Cuomo unveils plan addressing recent spike of COVID-19 cases in hot spots

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Marc A. Hermann | Flickr

M’Niyah Lynn

Gov. Andrew Cuomo announced schools and nonessential businesses in New York’s virus hot spots, clusters where the virus is spreading at alarming rates, must close by Oct. 9. This was done in an effort to contain the spread of the coronavirus and prevent another shutdown.

The new restrictions and rules implemented in the Cluster Action Initiative focus on areas where the city has seen an increase in cases. In these neighborhoods, like Southern Brooklyn and Central Queens, the closings will be in effect for at least 14 days before the state reevaluates. Although the state-wide positivity rate had remained low at about 1.2%, it has been high in 20 hot spot ZIP codes at approximately 5.5%, according to ABC News.

Clusters have also been found in the outer city, including Orange and Rockland counties. In areas mapped red, the infection rate is high. Areas surrounding the red are mapped as orange, and areas mapped yellow are remaining cautious.

Red zone businesses are the most limited: mass gatherings are prohibited, places of worship are allowed at 25% capacity, schools are remote, restaurants can only do takeout, and all nonessential businesses are closed. This leaves some businesses at risk of closing.

Businesses in orange zones allow 33% capacity for places of worship and gatherings of 10 people maximum. However, high risk nonessential businesses like gyms must close and restaurants are allowed to do outdoor dining.

Yellow zones see more relaxed conditions, as they can have 50% capacity for places of worship. Additionally, businesses can remain open, restaurants can continue both indoor and outdoor dining and schools can remain open. If any businesses that sponsor gatherings violate rules they can be fined up to $15,000.

“This is not a second wave,” Cuomo said when talking about the spikes in cases nationwide. He says the country is “still in the first wave,” but that President Donald Trump is still not taking the pandemic seriously.

Cuomo ordered schools, public and private, in hot spots to start closing on Oct. 7. Some schools were added to the list and now about 124 schools in the Department of Education, which employs thousands of teachers and supports 1,126,501 students, will go remote. This replaced Mayor Bill de Blasio’s initial plan of shutting schools down in just nine ZIP codes.

Unemployment claims are beginning to elevate again and “recovery is slowing down, whether it’s in slowing payroll gains or in the sluggish improvement in jobless claims” for the U.S., said Daniel Zhao, senior economist at Glassdoor, according to The New York Times. The lack of another stimulus package and the closing of businesses is also affecting economic progress.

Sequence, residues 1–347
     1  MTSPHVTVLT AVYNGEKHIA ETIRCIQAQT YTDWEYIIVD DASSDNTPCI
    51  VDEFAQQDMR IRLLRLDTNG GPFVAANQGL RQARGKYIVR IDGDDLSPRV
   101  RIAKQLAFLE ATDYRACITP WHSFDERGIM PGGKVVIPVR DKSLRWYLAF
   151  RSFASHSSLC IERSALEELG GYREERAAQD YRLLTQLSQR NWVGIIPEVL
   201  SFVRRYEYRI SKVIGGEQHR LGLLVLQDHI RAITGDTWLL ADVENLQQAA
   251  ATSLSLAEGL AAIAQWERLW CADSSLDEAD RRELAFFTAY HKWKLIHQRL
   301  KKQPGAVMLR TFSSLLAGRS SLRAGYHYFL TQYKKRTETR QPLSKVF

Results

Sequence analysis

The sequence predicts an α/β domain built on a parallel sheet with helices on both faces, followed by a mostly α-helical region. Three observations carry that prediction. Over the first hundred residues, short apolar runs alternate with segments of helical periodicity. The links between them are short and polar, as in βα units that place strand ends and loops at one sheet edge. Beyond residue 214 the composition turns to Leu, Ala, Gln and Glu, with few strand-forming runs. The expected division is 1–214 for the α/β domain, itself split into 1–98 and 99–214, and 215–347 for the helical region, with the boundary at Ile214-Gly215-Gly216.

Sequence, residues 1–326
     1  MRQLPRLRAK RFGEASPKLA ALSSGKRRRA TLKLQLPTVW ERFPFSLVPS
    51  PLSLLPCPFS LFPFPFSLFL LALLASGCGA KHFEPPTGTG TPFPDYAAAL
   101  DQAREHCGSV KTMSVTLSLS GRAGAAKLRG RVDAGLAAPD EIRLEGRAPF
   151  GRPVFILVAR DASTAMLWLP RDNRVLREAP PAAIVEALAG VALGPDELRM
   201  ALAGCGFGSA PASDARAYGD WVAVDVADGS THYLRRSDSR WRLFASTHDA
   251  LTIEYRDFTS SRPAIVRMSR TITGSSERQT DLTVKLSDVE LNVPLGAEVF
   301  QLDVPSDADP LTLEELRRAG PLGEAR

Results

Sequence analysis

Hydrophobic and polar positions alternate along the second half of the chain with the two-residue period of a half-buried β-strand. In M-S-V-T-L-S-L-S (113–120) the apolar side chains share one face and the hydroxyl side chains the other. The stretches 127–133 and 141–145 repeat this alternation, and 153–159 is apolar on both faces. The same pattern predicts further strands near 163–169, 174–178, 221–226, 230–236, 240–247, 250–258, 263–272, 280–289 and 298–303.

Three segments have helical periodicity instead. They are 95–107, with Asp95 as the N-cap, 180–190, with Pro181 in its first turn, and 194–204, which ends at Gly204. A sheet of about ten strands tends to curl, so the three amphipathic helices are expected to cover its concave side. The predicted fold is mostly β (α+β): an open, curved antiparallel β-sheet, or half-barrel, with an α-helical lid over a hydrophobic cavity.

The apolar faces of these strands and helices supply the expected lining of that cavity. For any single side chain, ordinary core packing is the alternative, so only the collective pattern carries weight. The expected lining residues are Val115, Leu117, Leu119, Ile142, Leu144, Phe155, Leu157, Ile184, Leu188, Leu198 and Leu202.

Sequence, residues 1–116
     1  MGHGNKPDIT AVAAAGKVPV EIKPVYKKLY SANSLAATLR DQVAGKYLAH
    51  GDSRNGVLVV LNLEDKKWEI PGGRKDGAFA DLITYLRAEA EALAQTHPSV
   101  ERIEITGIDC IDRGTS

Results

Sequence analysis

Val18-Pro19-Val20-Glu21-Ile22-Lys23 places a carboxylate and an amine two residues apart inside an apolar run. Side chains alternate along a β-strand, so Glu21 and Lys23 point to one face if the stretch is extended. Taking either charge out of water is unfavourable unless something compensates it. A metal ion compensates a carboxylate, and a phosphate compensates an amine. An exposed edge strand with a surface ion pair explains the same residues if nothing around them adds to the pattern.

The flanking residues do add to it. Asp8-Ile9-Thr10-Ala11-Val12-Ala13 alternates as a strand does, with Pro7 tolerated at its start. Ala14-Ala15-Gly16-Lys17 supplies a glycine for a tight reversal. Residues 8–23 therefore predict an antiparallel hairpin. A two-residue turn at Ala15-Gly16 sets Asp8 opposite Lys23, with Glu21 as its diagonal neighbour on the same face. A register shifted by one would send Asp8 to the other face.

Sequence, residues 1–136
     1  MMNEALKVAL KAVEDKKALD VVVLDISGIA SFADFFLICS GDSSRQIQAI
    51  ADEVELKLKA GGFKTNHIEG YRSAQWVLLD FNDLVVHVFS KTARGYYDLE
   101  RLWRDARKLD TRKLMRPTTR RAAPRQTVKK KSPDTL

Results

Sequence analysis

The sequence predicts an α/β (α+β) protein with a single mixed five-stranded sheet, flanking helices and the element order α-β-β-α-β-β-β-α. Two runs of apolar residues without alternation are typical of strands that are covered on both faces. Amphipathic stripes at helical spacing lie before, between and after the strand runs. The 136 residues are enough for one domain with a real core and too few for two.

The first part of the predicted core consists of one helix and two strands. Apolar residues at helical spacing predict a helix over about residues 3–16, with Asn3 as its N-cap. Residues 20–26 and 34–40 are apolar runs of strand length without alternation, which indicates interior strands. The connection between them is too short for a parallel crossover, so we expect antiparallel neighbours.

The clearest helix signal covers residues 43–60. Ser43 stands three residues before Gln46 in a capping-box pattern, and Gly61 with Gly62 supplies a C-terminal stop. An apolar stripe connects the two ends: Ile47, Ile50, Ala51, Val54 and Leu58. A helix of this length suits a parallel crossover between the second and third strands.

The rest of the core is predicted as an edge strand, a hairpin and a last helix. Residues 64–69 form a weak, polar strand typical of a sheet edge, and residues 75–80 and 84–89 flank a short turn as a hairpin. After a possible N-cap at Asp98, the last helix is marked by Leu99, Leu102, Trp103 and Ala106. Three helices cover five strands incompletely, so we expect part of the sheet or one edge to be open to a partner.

“It’s going to take the work of all of us now to make sure we don’t go backwards,” Cuomo said in an update on Oct. 10.

In New York City, the seasonally-adjusted unemployment rate was about 16% in August, which is lower than 19.9% from July. Nevertheless, it’s possible that the rate will increase now that businesses and schools have closed as they did with the massive shutdown in March, when the unemployment rate grew from 4.1% to 15.0% in April, according to the U.S. Bureau of Labor Statistics.

If these actions help to lower the positive test rate below 3% for the red and orange zones, schools and businesses can reopen, but if the rate remains the same or increases, closures could last for four weeks, Newsday stated.

Hospitalizations “more than doubled” in the last month, NBC New York reported, and may worsen as we approach the winter and flu season. “The experts all along, have been telling us in the fall the flu comes back, people go indoors, schools open, so you should look for a rise,” Cuomo said.

He suggested that it should calm people that the recently shutdown areas are relatively small, but said they should still remain careful. “There is no one who can say they didn’t see this coming,” Cuomo said. He also explained that places of worship are especially vulnerable sites for the virus to spread, angering the Orthodox Jewish community.

In an effort to express their frustration, members of the community have participated in protests and public officials have spoken out. Sen. Simcha Felder and others have called the restrictions “questionable” and expressed that they feel their religion is being targeted.

Mayor de Blasio urged members of religious communities to comply with the city’s plan “We want to be respectful, but I want to be very clear when the NYPD issues an instruction, as with any other situation in the city or any other protest, if the NYPD issues and instruction, people must follow the instruction,” he said during a press conference.

With the increase in coronavirus cases, Cuomo has also assured New Yorkers that he is not interested in Biden’s proposal to become U.S. Attorney General. Instead, he will focus on helping New York move forward.